Closing arguments usually occur after reading the court’s charge to the jury and are often an attorney’s favorite part of the trial. Frequently critical to the trial’s verdict, there are two main purposes of a closing. The first is to remind the jurors of the relevant evidence and facts of the case, thereby providing proof of the verdict. Secondly, presenting this information reminds jurors already in agreement with the attorney of relevant information, allowing them to persuade other jurors who may still be in doubt. While the content and style of closing arguments varies for each case and each attorney, successful closing arguments include and exclude common components.
What to Include
Closings in Texas should include the following: (1) a summation of the evidence, (2) reasonable deductions and inferences from the evidence, and (3) responses to the opponent’s argument.
What to Avoid
Side-bar comments top the list of behaviors to avoid during closing arguments. They are unnecessary, often aggressive comments that do not address either the witness or the court. Such comments “will be rigidly repressed by the court.” Tex. R. Civ. P. 269(f).
Another objectionable behavior is making an argument that is, while not exactly wrong or incorrect, an unfair argument, perhaps even one presented in bad faith. Knowingly making incendiary and inaccurate comments is one way to act in bad faith. Suggesting that the attorney knows more about the case than has been presented to the jury is another. Speaking to a juror by name, falsely implying a relationship with that juror is another example of trying to mislead or distract the jury. While these behaviors may not be technically wrong, they are not completely honest and straightforward.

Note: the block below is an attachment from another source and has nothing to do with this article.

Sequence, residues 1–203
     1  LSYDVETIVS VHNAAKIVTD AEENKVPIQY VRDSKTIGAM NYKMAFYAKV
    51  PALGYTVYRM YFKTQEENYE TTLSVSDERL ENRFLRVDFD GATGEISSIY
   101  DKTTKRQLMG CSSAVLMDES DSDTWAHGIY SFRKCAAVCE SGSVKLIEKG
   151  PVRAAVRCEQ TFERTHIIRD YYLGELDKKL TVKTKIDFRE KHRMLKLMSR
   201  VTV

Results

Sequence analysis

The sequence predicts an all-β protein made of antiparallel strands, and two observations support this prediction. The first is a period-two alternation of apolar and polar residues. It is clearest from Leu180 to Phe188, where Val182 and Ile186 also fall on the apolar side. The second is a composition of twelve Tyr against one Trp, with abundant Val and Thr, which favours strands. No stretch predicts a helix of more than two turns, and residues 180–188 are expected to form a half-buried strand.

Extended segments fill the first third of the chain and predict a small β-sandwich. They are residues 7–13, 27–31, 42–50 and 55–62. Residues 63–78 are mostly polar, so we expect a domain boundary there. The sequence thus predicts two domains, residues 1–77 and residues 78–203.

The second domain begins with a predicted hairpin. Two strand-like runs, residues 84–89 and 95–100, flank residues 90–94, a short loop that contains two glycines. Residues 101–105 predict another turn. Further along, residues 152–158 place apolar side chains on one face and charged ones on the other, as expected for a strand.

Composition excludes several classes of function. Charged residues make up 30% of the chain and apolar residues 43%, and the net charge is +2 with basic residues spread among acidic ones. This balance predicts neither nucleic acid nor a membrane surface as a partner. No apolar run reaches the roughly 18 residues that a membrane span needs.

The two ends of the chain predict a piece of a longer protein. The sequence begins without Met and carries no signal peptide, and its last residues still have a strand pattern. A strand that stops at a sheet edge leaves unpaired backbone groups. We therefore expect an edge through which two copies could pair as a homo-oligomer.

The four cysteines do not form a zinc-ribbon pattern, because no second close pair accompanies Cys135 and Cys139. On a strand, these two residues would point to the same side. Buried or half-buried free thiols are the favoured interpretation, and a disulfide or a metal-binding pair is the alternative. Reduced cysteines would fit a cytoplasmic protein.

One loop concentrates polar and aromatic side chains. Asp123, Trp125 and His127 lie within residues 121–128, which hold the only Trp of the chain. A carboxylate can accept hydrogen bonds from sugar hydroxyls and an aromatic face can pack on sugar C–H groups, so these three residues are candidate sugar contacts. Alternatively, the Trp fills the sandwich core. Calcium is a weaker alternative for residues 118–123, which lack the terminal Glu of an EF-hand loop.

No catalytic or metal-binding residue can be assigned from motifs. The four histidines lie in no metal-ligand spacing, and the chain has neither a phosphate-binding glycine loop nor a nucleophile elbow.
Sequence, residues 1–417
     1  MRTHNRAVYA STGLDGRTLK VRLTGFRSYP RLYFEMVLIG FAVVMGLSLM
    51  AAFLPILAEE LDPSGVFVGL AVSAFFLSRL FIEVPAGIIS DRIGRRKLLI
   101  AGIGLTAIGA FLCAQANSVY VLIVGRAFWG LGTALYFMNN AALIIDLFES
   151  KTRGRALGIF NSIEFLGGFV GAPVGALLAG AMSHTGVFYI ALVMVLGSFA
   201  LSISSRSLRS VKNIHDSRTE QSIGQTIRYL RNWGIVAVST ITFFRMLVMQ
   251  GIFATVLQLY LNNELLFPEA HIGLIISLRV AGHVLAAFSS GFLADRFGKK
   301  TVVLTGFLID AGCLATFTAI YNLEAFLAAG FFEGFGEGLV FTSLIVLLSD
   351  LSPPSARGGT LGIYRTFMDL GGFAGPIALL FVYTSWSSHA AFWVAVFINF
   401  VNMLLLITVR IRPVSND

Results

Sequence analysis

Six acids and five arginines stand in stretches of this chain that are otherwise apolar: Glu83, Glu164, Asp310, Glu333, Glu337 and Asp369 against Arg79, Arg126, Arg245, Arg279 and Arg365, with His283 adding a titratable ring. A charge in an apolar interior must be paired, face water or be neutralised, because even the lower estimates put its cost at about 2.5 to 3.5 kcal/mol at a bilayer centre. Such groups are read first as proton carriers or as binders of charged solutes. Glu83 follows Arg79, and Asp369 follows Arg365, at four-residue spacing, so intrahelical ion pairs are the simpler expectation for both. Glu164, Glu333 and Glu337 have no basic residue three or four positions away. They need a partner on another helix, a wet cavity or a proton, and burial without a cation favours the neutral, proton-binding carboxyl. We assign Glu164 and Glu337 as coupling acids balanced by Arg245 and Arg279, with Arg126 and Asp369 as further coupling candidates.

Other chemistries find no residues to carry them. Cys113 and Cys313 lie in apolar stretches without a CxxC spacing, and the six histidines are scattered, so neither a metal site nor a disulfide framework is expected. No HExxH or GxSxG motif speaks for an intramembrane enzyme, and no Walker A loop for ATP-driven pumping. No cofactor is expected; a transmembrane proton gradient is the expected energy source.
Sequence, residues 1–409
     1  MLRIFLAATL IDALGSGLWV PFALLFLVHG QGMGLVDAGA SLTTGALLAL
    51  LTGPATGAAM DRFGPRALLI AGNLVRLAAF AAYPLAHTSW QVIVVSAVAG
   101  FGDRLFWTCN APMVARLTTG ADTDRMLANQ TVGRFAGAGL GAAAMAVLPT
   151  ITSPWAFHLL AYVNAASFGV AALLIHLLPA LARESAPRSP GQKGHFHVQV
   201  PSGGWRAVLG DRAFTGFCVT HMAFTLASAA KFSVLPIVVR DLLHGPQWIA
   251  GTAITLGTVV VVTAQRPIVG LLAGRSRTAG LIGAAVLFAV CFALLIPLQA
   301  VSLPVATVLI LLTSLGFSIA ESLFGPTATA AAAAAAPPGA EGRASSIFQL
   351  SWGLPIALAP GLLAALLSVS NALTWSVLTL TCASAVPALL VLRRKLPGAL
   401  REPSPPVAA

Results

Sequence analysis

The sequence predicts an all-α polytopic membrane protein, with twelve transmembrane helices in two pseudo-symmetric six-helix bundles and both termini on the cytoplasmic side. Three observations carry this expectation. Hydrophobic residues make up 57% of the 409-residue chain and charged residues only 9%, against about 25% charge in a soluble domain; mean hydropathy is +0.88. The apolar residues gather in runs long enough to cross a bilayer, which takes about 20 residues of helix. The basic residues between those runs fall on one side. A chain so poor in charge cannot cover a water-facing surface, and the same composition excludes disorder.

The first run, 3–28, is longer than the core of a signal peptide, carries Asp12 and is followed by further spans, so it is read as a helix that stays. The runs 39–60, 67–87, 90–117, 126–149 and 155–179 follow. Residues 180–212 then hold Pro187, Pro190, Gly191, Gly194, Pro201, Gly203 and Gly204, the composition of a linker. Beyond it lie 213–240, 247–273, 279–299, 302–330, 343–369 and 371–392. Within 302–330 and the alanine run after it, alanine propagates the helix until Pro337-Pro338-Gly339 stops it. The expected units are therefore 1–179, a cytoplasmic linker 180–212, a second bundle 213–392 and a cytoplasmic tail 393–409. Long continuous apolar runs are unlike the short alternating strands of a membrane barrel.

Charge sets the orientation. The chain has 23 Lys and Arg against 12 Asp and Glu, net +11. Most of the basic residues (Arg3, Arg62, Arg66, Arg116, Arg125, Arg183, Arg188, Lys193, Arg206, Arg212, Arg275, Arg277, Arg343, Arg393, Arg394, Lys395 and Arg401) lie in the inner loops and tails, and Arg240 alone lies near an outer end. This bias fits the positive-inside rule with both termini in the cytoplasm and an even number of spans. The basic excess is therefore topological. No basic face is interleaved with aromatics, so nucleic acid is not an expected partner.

Arguing out of the record is another common mistake to avoid. During closing arguments, an attorney may share relevant common knowledge, may recap the evidence, and may make logical inferences based on that evidence. However, the attorney may not stray from the evidence presented. Sometimes there is a fine line between making an evidence-based inference and stating an opinion, but attorneys must be diligent about not crossing that line.
Similarly, an attorney should not share unsupported opinions about people or situations during closing arguments. Saying for example, that the defendant is an impeccably honest person, incapable of the alleged action is stating an opinion not based in evidence. An ad hominem or personal attack is another tactic to avoid. Verbally attacking or undermining witnesses, defendants, or counsel in this way is not just faulty logic. It is objectionable and a bad practice in a closing argument.
Experienced attorneys also advise against these less blatant but still unhelpful strategies for closing arguments:
- Last minute preparation of closing arguments – preparation should begin before trial and be ongoing.
- Reading the closing arguments – since closing arguments are so important, the delivery should be engaging not boring, and the information should be clearly relevant, organized, cohesive, and supported by visual aids as necessary for clarity.
- Making unnecessary objections – jurors tend to think that unnecessary interruptions are rude rather than helpful.
Avoiding these common errors will help to make closing arguments as powerful and impactful as possible.
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